Other People’s Money tells the tale of the benevolent managing director played by Gregory Peck, and his Lawyer stepdaughter Kate played by Penelope Ann Miller, trying to resist the takeover from Larry the Liquidator, and thus preserve their company, their jobs and their way of life.

Whilst following a serious plot, Larry the Liquidators romantic interest in Kate also provides for some light hearted moments and results in a highly entertaining movie.

It might be 20 years old now, but Danny DeVito is still great – check out “Other Peoples Money”.

Tax ReturnsTransform AccountingSmall Business Accountants

Check Out the Transform Accounting Top 10 Finance Books – Crime Corruption and Incompetence

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Top 10 Finance Movies – Number 10 – Inside Job

Inside Job

The Transform Accounting blog is usually about;

–        The latest finance news,

–        Hints and tips to help you pay less tax or save money,

–        Accounting guides for small business owners,

–        Articles about the world of investing,

But we also like to blog about some more light hearted items with a finance theme.

At Transform Accounting, we love a top 10 list as much as anybody.

To follow on from our series about our top 10 finance books, we now turn our attention to movies with a finance theme.

We will be counting down from 10 to 1, giving some movie reviews of our favourite 10 finance movies. All are worth checking out and those at the top of the list are a must see.

If you want to read more reviews, or view the movie trailers for free, we recommend Internet Movie Database at www.imdb.com

Here is the first in a series of ten movie recommendations. Be sure to check back for the rest of the series.

10 – Inside Job (2010)

Since the global financial crisis began in 2008, there have been countless books written that have attempted to explain just what caused the crisis and what can be done to prevent it from ever happening again. ‘Inside Job’ is a movie that takes on that challenge to inform the viewer through a series of interviews with financial insiders, journalists and politicians, just what has caused millions of people to lose their jobs, their homes, savings, pensions and investments. Inside Job traces the rise of the international banking industry and its deregulation which has resulted in the worst recession since the 1930’s.

As the movie poster says “If you aren’t enraged by the end of this movie, you haven’t been paying attention”

Tax ReturnsTransform AccountingEssex Accountants

Check Out the Transform Accounting Top 10 Finance Books – Crime Corruption and Incompetence

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When Genius Failed

We all love a top 10 list.

When it comes to finance, books come in three distinct categories.

Accounting Text books – avoid like the plague!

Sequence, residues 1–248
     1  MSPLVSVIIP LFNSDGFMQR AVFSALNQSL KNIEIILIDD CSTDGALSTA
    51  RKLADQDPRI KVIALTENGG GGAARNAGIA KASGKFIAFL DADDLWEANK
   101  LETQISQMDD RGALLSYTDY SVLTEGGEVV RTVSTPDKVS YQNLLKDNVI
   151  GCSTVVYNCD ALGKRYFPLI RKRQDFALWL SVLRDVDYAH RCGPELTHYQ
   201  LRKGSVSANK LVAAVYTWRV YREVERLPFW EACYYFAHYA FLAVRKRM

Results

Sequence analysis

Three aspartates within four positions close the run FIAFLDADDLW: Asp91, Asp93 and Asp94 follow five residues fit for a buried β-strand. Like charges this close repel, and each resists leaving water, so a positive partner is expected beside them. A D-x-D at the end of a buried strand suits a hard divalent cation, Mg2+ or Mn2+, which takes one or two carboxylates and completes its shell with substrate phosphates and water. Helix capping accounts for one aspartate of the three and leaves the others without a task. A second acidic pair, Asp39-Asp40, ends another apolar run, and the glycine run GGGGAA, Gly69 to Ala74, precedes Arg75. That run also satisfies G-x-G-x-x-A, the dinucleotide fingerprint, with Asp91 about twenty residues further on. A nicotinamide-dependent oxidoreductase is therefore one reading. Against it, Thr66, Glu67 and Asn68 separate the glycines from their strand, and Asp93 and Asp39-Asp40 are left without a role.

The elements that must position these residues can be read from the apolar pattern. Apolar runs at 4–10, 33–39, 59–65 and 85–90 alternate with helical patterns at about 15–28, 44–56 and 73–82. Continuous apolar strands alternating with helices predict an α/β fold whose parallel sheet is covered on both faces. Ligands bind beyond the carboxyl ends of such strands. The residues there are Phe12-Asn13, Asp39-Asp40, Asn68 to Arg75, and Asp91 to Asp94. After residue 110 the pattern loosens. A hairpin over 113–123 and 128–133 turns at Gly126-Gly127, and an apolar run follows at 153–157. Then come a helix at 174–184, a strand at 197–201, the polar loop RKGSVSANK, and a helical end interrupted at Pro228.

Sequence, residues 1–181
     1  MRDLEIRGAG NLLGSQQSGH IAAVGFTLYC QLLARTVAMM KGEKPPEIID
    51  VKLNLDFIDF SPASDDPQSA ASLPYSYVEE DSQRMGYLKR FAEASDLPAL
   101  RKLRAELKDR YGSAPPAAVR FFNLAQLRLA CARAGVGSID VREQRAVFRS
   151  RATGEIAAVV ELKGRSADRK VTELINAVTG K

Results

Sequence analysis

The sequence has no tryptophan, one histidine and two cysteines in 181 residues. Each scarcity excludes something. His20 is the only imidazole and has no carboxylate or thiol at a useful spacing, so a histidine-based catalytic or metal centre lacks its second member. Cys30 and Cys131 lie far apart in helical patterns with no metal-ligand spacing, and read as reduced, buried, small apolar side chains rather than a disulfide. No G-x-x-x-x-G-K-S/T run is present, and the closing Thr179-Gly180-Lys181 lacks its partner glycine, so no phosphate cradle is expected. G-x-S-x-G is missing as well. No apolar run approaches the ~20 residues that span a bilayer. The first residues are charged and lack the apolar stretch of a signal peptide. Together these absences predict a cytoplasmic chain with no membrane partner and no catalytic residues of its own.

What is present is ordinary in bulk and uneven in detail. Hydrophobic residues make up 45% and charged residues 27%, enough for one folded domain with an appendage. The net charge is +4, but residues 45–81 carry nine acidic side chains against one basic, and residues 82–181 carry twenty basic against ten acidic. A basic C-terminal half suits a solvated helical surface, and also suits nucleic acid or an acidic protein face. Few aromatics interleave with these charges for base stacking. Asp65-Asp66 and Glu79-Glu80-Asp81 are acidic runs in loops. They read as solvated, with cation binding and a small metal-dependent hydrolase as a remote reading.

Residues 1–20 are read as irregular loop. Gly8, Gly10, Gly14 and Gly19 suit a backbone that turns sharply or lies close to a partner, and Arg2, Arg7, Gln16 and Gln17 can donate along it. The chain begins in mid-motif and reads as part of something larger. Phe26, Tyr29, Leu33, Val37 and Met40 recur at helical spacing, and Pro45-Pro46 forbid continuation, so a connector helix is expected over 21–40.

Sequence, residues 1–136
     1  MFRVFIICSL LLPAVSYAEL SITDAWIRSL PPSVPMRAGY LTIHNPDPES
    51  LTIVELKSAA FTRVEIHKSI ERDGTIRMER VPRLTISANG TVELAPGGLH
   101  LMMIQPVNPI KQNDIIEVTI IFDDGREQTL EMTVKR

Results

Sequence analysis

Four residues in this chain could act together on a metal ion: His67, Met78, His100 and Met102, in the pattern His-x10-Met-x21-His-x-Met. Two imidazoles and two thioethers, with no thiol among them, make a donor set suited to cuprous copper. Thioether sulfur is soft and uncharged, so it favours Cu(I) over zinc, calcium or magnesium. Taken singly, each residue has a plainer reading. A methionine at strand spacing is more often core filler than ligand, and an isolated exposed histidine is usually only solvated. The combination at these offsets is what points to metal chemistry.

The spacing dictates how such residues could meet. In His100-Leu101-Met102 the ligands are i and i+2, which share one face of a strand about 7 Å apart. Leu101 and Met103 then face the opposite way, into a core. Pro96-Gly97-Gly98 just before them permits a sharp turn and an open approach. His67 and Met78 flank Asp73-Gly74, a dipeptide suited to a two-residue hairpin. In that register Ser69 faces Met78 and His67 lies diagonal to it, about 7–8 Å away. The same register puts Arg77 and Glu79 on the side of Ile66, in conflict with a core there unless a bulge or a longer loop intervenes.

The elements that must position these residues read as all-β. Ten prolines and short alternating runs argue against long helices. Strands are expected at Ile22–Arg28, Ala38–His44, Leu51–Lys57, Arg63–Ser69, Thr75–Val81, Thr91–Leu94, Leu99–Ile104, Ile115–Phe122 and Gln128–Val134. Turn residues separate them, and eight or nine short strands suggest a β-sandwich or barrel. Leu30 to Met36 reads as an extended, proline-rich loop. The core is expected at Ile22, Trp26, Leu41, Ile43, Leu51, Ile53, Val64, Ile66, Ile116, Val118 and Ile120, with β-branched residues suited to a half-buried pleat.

Firstly the long often dry and tedious text books that sometimes have to be studied to gain professional qualifications – I would advise steering well clear of these and leaving them to the accountants and lawyers who have to study them!

Personal Finance Self Help Books

Secondly, there are the personal finance self-help type books that try to teach you something as quickly as possible – there are many of these but if in doubt, the dummies books are always a good place to start.

The Exposé

And finally there is my favourite category – the exposé – a book that relies on research and investigative journalism to give you the inside story.
This is where the crime, corruption and incompetence comes in, with a little greed thrown in for good measure. These are my favourite type of books – read on for the countdown from number 10 to number 1.

No 2 – When Genius Failed – Roger Lowenstein

Long Term Capital Management was a quite unique firm that started in 1994. Formed by a small group of elite partners from both the trading and academic world, they were able to raise $1bn start-up capital. The firm managed to generate $1.4 billion dollars profit in the first two years and subsequently increased its funds under management to over $140bn. This was a truly unique firm in that they had millionaire customers queuing up to be considered as acceptable investors, despite the partners insisting on taking a 40% cut in any profits earned.

The business model of LTCM was that they would use their superior intellect and computer models to earn a tiny margin on thousands of trades with virtually no risks. And for a while it was incredibly successful. But then came 1998 when it all began to go horribly wrong.

Roger Lowenstein’s writing gives a fascinating insight into the success of LTCM, the intellects and egos of their nobel prize winning partners, how it all went horribly wrong and how one small bank brought the US banking system into crisis.

Highly recommended and reaching number 2 on our top 10 list.

“A group of elite investors who called themselves “Long Term Capital Management” believed they could beat the market and like alchemists, create limitless wealth for themselves and their partners.
In fact, they created a trillion dollar hole in the international banking system.
It’s a tale of vivid characters, overweening ambition and perilous drama told, in Roger Lowensten’s hands, with brilliant style and panache”

Bookkeeper RomfordTransform AccountingEssex Accountants

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Extreme Money

We all love a top 10 list.

When it comes to finance, books come in three distinct categories.

Accounting Text books – avoid like the plague!

Firstly the long often dry and tedious text books that sometimes have to be studied to gain professional qualifications – I would advise steering well clear of these and leaving them to the accountants and lawyers who have to study them!

Personal Finance Self Help Books

Secondly, there are the personal finance self-help type books that try to teach you something as quickly as possible – there are many of these but if in doubt, the dummies books are always a good place to start.